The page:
• The operations illustrated in FIG. 12 will typically execute on the data processor 302 and associated hardware in or associated with the glasses 100/500. For the purposes of clarity, flowchart 1200 is discussed herein with reference to such an example. Various implementations are of course possible, with some of the operations taking place in client device 328 in an application such as messaging application 1346, on server system 332, or with one application on the client device 328 calling another application or SDK for required functionality. In one example, the operations are performed jointly between messaging application 1346 running on the client device 328 and the data processor 302 and associated hardware in or associated with the glasses 100.
  • The method starts at operation 1202 with the glasses 100/500 displaying the content preview user interface screen 902. As discussed above, this screen may have been reached either by scrolling and a tap to select a content item in user interface screen 606, or as a result of content-capture user input received in user interface screen 804. User interface screen 902 includes three options that can be selected, in operation 1204, in response to scrolling in response to horizontal touch inputs (forward or backward) and receipt of a touch input on a touchpad 124/502, as discussed above with reference to FIG. 9B.
  • Upon receipt of a touch input when delete icon 916 is selected, the content item shown in the user interface screen 902 is deleted in operation 1206 and the glasses 100/500 return to the previous user interface screen displayed prior to the user interface screen 902, in operation 1208. In one example this would either be user interface screen 606 or user interface screen 804.
  • Upon receipt of a tap on a touchpad 124/502 in operation 1204 when zoom icon 912 is selected, a content viewer user interface is displayed by glasses 100/500 in operation 1210, in which the content item shown in user interface screen 902 is played back (in the case of content item being a video or gif or having dynamic AR effects) or displayed in a larger format if the content item is a still image. Receipt of a downward swipe on a touchpad 124/502 in operation 1212 will return in operation 1214 to the display of content preview user interface screen 902, at operation 1202.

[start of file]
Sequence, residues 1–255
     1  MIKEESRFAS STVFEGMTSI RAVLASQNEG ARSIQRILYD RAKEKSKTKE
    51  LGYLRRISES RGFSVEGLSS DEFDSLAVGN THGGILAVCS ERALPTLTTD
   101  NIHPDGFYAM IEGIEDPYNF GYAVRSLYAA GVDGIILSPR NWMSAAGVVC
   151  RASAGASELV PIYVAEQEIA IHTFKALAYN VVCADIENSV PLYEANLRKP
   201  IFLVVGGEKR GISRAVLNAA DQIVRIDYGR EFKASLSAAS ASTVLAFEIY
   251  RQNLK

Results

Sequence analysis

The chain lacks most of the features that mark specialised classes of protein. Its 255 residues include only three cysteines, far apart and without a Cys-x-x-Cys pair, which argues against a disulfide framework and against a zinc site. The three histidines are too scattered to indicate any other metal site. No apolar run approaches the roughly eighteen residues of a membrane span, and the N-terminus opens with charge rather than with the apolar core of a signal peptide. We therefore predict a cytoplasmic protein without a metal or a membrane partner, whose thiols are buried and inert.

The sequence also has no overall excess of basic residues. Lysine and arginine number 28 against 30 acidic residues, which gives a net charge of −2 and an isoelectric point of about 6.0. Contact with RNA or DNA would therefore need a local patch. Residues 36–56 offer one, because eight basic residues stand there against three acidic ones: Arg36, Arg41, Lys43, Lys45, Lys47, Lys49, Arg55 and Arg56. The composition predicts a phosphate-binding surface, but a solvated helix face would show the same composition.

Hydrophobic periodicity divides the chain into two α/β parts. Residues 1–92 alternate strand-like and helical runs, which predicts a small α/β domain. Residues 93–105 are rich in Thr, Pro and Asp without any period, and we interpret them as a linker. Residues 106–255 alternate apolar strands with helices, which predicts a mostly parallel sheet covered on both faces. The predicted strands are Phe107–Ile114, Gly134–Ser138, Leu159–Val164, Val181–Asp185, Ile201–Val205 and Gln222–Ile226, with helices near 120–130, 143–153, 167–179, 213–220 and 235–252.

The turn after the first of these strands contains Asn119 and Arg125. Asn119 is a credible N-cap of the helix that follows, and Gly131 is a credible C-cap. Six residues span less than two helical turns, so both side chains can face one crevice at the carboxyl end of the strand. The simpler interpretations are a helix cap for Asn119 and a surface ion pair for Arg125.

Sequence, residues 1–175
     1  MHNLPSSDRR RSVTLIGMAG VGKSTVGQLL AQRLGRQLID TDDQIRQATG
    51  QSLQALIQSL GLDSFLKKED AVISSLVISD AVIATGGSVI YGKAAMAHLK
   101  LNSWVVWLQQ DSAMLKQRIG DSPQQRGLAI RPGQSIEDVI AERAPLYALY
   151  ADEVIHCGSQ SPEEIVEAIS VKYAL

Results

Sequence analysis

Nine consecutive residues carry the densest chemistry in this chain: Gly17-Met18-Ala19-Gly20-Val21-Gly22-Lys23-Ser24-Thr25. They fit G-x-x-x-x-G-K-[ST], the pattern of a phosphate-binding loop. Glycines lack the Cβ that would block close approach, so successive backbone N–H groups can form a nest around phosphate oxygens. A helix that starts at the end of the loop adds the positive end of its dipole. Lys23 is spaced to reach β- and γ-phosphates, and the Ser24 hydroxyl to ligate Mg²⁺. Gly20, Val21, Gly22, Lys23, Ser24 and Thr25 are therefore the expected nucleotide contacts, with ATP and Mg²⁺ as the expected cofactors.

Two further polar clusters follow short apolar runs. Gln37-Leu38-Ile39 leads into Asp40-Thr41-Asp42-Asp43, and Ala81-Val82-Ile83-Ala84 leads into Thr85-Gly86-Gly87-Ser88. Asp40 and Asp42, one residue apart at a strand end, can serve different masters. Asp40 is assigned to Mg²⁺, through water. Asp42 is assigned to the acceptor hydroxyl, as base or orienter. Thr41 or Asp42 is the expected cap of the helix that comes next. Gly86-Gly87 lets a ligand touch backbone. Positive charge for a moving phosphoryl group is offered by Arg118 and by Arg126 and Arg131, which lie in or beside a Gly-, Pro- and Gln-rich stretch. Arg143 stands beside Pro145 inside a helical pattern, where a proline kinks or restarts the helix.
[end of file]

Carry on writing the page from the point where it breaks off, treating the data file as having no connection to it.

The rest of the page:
• Upon receipt of a tap on a touchpad 124/502 in operation 1204 when send icon 914 is selected, an address book or recipient-selection user interface screen 904 is displayed in operation 1216, in which a carousel 920 of potential recipients is shown.
  • As before, a forward or rearward swipe input in operation 1218 on a touchpad 124/502 will cause left or right movement of the recipients in the recipient selection carousel 920, in operation 1220, with recipients sequentially replacing a recipient in the central position as the carousel scrolls left or right.
  • A recipient occupying the central position in the carousel 920 can be selected in operation 1224 in response to a tap input on a touchpad 124/502 in operation 1222, or deselected if already selected. As discussed above with reference to FIG. 9D and FIG. 9E, a recipient that has been selected is indicated with a check mark and once a recipient has been selected, a “Send” navigation cue is displayed.
  • If a touch input corresponding to a send instruction is not received at operation 1226, the method returns to operation 1216 permitting the selection of additional recipients in operation 1218 to operation 1224. After one or more recipients have been selected as shown in user interface screen 906 or user interface screen 908, receipt of a send input at operation 1126, such as an upward swipe on a touchpad 124/502 as prompted by navigation cue 932, will result in a transition to a confirmation user input screen in operation 1228, such as user interface screen 910. Receipt of a confirmatory user input at operation 1230, such as a tap input in response to send icon 934, causes the glasses 100/500 or the associated client device 328 to transmit the content item to the selected recipients in operation 1232.
  • Upon completion of sending of the content item to the selected recipients in operation 1232, the glasses 100/300 will typically return in operation 1234 to displaying either the user interface screen 804 of FIG. 8C or the user interface screen 606 of FIG. 9A/FIG. 6C depending on how the content preview user interface screen 902 was reached. In other examples, the glasses may return to another user interface screen, for example user interface screen 602, at which point further operations may be performed as described herein.
  • FIG. 13 is a block diagram 1300 illustrating a software architecture 1304, which can be installed on any one or more of the devices described herein. The software architecture 1304 is supported by hardware such as a machine 1302 that includes processors 1320, memory 1326, and I/O components 1338. In this example, the software architecture 1304 can be conceptualized as a stack of layers, where each layer provides a particular functionality. The software architecture 1304 includes layers such as an operating system 1312, libraries 1308, frameworks 1310, and applications 1306. Operationally, the applications 1306 invoke API calls 1350 through the software stack and receive messages 1352 in response to the API calls 1350.